There was a time, my children, when people thought of sushi as the austere choice. Rather than chowing down on porterhouse and baked potato slathered with sour cream, you would forswear gluttony for a night, pick daintily at raw fish and rice, sip tea, maybe even sit on the floor. The delicacy and grace of a Japanese painting would inform your experience. The food was probably delicious, but restraint was part of its charm.
No more. Maru Sushi, opened downtown last month, attempts to wow the diner with every roll, and succeeds. Portions are large, and ingredients like bacon, guacamole, and deep-fried sweet potato shout "go for it!"
Detroit's is the fifth Maru in Michigan by owner Robert Song and executive chef Moon Yang, who began their empire in Okemos in 2009. Occupying the ground floor of the Federal Reserve Building with its floor-to-ceiling glass on Fort Street, it's spacious and airy and already filling up on weekend nights. Decor featuring abstract splashes of paint high above the dining room signal that this is not your grandmother's intimate teahouse.
Of course, most of our grandmothers didn't eat sushi. We had to learn to love eel sauce and tobiko on our own.
Although the menu at Maru appears written for the experienced, with Japanese terms not explained, the restaurant is clearly focused on creating an approachable experience even for those few remaining Midwesterners not yet clued in to sushi's allure. If they must, they can resort to a few Western dishes like potato with sour cream and cheese, or a $36 ribeye (hold the miso butter).
It's hard to pick a favorite roll among Maru's three dozen choices, and then there are the grilled items, nigiri and sashimi, plus soups, salads, and generous "sharing plates" that borrow from China, Korea, and Mexico as well as Japan.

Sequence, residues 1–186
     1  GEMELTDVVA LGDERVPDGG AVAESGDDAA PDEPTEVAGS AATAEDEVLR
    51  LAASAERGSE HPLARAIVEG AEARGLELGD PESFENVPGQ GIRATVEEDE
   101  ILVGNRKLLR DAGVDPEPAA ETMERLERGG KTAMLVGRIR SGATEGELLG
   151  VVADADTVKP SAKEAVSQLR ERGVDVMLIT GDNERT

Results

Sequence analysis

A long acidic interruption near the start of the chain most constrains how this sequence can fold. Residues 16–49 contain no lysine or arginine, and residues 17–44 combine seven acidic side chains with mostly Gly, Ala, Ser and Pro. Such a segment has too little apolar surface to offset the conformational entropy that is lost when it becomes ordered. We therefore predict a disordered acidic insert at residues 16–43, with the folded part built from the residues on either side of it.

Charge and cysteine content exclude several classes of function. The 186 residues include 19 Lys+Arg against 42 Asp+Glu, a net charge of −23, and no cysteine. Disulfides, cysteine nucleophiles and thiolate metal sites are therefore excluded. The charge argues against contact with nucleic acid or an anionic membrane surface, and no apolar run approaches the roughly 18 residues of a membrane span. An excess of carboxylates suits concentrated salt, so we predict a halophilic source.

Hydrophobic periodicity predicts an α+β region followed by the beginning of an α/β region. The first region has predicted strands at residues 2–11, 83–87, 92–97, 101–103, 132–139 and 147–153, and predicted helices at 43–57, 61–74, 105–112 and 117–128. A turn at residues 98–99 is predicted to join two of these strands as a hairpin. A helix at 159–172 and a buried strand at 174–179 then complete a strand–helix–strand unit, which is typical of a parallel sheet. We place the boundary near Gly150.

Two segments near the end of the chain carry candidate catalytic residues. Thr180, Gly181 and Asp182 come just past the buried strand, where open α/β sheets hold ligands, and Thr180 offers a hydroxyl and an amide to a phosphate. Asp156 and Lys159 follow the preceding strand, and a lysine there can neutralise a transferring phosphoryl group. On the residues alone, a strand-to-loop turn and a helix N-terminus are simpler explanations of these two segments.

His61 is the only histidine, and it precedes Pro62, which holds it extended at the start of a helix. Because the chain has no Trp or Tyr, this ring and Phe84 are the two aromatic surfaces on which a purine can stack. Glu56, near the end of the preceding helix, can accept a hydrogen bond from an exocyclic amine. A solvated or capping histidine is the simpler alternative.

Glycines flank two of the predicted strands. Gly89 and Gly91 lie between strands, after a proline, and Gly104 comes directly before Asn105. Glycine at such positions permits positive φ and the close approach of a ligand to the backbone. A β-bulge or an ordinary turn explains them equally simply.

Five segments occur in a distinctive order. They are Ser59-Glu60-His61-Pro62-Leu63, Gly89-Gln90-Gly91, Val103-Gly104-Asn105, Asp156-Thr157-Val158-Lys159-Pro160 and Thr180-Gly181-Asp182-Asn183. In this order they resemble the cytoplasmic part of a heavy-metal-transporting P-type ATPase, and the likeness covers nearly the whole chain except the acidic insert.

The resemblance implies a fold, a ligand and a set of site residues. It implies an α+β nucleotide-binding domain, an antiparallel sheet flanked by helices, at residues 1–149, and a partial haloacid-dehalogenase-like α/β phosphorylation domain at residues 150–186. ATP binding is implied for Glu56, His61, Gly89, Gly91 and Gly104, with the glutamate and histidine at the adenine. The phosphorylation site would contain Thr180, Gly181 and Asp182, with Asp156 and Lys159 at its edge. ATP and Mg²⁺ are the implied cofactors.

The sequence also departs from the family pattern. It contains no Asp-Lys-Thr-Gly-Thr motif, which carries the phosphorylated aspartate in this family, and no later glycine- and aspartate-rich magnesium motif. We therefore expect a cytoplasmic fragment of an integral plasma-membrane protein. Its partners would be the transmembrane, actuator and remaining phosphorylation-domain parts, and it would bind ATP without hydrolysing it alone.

We started one night with a deconstructed ceviche, brilliant with cubes of ruby-red tuna arrayed alongside avocado and tomato, and dressed with lime, cilantro, red onion — all sounding at home on a Baja beach thus far — plus masago (the electric-orange roe of smelt).
Another night we went Korean with excellent, garlicky bulgogi beef, heavy on umami, what with the crisp shiitakes. A "land and sea tempura" was vegetables and shrimp with a batter so light it lost some of its needed flavor.
One of Maru's biggest sellers, for good reason, is a "sexy bacon" roll, the bacon cooled down with cucumber and asparagus and served with two eel sauces and a creamy garlic, and a tangle of black seaweed threads. I liked even better "soy joy," two tunas with three sauces and delicate curls of scallions, each slice a composition topped with crunchy tempura. Have I made clear Maru's "more is more" aesthetic?
"Jaws" pulls out all the stops with a yellowtail or salmon kama, the collar of the fish behind the head. Two big, delectable pieces are panko-fried and served with both a sushi roll and a giant chef's salad with peanuty dressing.
A more picante choice is "yellow fever," which incorporates spicy tuna and serrano peppers. "Rio grande" is one of six vegetarian rolls — no fish — and, as the name suggests, is topped with guacamole and pico de gallo. The slices are presented upright, like red and green wagon wheels with fins of avocado thrusting upward.
Also vegetarian is pungent "mountain veggie udon soup," which plops grilled inari into a clear broth (inari is sushi rice inside a skin of fried tofu). Another excuse both to slurp udon (how is it they seem more slippery than other noodles?) and to satisfy your fried-food jones is "tempura udon soup," with shrimp and seaweed.
When I lived briefly in the Bay Area, a guilty pleasure was bacon fried rice from a downscale Chinese hole-in-the-wall. On my first visit to Maru, the chef offered a sample. This is the uptown version, glistening with beloved bacon fat, lovely with corn kernels and bright green edamame.
Maru pays attention to its drinks menu, with, of course, sake and plenty of Japanese, American, and Scotch whiskeys (much beloved of Japanese businessmen). From the wine column, Bacio di Fiori (kiss of flowers) from Italy was delicious but too sweet to drink with sushi. A white blend our server said was created for the restaurant was very ordinary. Best bet is cava, a lightly sparkling Spanish white wine, with just the right fizz. It's also the cheapest wine at $10.
For afterward, chestnut tea is just as mellow, and just as beautiful a chestnut brown, as the nut itself. The dessert list includes both traditional Western extravagances like dark chocolate truffle and a Japanese-American fusion: mochi, a layer of pounded sticky rice cake, formed around a scoop of ice cream. We tried a different fusion: matcha (powdered green tea) crème brulee. The French aspect was as perfectly silky-crunchy as it's supposed to be, and the matcha flavor was delicate enough to make dessert possible after a gargantuan meal.